Still the Water

Ry Barrett as Jordie MacAulay in Still the Water (2020)

This film was released a few weeks ago, but due to other commitments, I simply wasn’t able to watch it. That’s probably the most disappointing part of this review. I often say that I’ve discovered some of the best films I’ve ever seen thanks to the indie content I review and it holds true with this film. It is incredible. Writer/Director Susan Rodgers is a genius and this film shook me to my core, my wife had a fan going and I had to turn it away from me because of the chills the film gave me.

In Still the Water, we follow Jordie (Ry Barrett), a hockey player kicked off yet another team for a violent outburst, who is clearly on the run from something in his past, some demon he just can’t escape. Yet, without other options available, he has no choice but to return home to his small town on Prince Edward Island and turn to his family for help. The 100 minutes of film play out Jordie’s homecoming, his interactions with his brothers and his father. We learn, at least a little bit, about his demons and we see how his entire family has been impacted. While we’re experiencing a story of a quality typically reserved for good works of fiction, we’re reminded that no matter what you see on the outside, you never know someone’s past or their current situation.

I shot the film entirely on location with no built sets. This lends a real sense of place to Still The Water. The landscape is beautiful; I wanted my home, Prince Edward Island, to be a strong character in the story.

Susan Rodgers, writer/director

I was very happy to find this quote in the press notes, as the film feels like a small town. It doesn’t feel like set or a production. It feels like we’re getting a glimpse into the inner workings of an every day family, a family that struggles just like the rest of this. I think Rodgers decision to film in this way really lends credibility to the film, it makes me feel like I know these people. I want to grab a coffee with Jordie, I want to meet his family at a campfire to roast marshmallows… that’s the, for lack of a better word, vibe of the film and I love it.

The situation is complicated and relationships are very nuanced. In a world of Hollywood blockbusters that are more about flash than substance, this film was a nice change. This film was non-stop substance in the best possible way. It also contained what will forever be one of my favourite lines, “Hockey Rinks… They’re like Catholic churches, they’re always the same no matter where you land.” This movie had me on the edge of my seat, it had me wiping tears from the corners of my eyes, and it had me smiling. It was a rollercoaster of Canadian perfection. That, unfortunately, is the sad part. Canadian movies just don’t get the recognition they deserve. If this were a product of the US, of “Hollywood” – why do we still say that given how much production occurs elsewhere? – the accolades would be flowing for this film. Yet, it’s not even on the recommended films list for iTunes or Prime Video. Rodgers deserves a writing award for this film and Barrett deserves to be recognized for his performance. The entire cast is amazing, they felt like their characters… none of them felt like an actor trying to play down-to-earth – it just seemed real.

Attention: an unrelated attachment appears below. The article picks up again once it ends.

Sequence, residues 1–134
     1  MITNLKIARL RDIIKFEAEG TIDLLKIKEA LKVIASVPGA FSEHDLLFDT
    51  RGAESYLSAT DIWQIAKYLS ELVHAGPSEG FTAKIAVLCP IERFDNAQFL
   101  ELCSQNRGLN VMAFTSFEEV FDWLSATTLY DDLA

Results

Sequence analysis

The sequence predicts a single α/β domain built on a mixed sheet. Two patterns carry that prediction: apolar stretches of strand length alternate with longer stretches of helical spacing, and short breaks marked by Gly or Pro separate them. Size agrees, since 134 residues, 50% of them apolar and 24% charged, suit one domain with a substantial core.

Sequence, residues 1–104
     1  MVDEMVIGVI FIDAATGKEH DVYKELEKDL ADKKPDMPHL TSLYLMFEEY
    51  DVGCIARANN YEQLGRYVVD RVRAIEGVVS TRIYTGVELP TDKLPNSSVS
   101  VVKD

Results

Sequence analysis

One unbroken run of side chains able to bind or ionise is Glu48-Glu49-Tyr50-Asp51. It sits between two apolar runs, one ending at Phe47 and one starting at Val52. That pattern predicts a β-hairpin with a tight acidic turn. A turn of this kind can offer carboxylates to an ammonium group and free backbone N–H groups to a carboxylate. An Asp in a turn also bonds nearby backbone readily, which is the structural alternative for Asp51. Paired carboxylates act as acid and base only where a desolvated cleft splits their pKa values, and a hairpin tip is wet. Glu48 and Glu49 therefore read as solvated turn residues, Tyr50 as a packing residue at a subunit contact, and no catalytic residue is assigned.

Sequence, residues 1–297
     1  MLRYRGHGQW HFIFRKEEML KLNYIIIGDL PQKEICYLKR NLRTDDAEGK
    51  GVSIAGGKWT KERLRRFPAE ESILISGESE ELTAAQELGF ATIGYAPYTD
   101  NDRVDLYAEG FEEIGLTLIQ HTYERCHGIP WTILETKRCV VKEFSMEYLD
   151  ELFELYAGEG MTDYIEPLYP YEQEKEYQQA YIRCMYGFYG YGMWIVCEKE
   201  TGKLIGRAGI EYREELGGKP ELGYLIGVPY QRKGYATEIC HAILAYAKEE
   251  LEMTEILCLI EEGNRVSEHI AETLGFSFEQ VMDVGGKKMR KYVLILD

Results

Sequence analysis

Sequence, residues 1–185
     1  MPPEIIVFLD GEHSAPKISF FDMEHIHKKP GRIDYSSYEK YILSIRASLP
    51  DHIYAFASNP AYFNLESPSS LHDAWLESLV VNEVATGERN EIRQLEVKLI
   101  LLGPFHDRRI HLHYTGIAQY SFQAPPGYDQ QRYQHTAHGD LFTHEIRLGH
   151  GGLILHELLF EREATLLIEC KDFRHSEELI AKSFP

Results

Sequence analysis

We also need to talk about the soundtrack. While I don’t buy CDs anymore, I would buy the soundtrack to this film on vinyl in a heartbeat. I often complain about bad music in films, but this was picture perfect. Every song fit the moment, and every lyric hit your soul. When everything is said and done, from dialogue to direction, from music to performance, this film was just top notch. It’s a story that I’ll never forget, because as I watched it, I felt like I was there in Malpeque with the MacAulay family.

I’m not sure my continued gushing is beneficial and I can’t think of a negative aspect of the film, so let me leave you with the recommendation that you see this film ASAP. It is one of the finest films I’ve seen in 2021 and it touched me in a way that few films ever have. I can’t quite explain it, but it left me feeling the way I did when I watched My Girl (and again when I read the novel) or when I watched A Walk to Remember. It has nothing in common with those films, but both of them created experiences that left a lasting mark on my soul and I feel like this movie has as well.

Still the Water was released on Digital and On Demand on April 27.

Still the Water

Movie title: Still the Water

Movie description: All eyes are on Jordie MacAulay (Ry Barrett) when he returns to his small hometown on Prince Edward Island after playing semi-pro hockey in Alberta. Usually in an alcoholic haze, he’s kicked off his team after injuring a player. With no friends, no job, and no respect, in desperation he turns to his family for help. Still the Water is a dramatic feature film about second chances. A family struggles with a painful past, secrets, a love affair that is ripping them apart, and their old sanctuary – the hockey rink – that brings them back from the brink.

Date published: 2021-04-27

Director(s): Susan Rodgers

Actor(s): Ry Barrett, Colin Price, Christina McInulty, Spencer Graham,, Sherri-Lee Pike, Autumn Scarlett, George Woods

Genre: Drama

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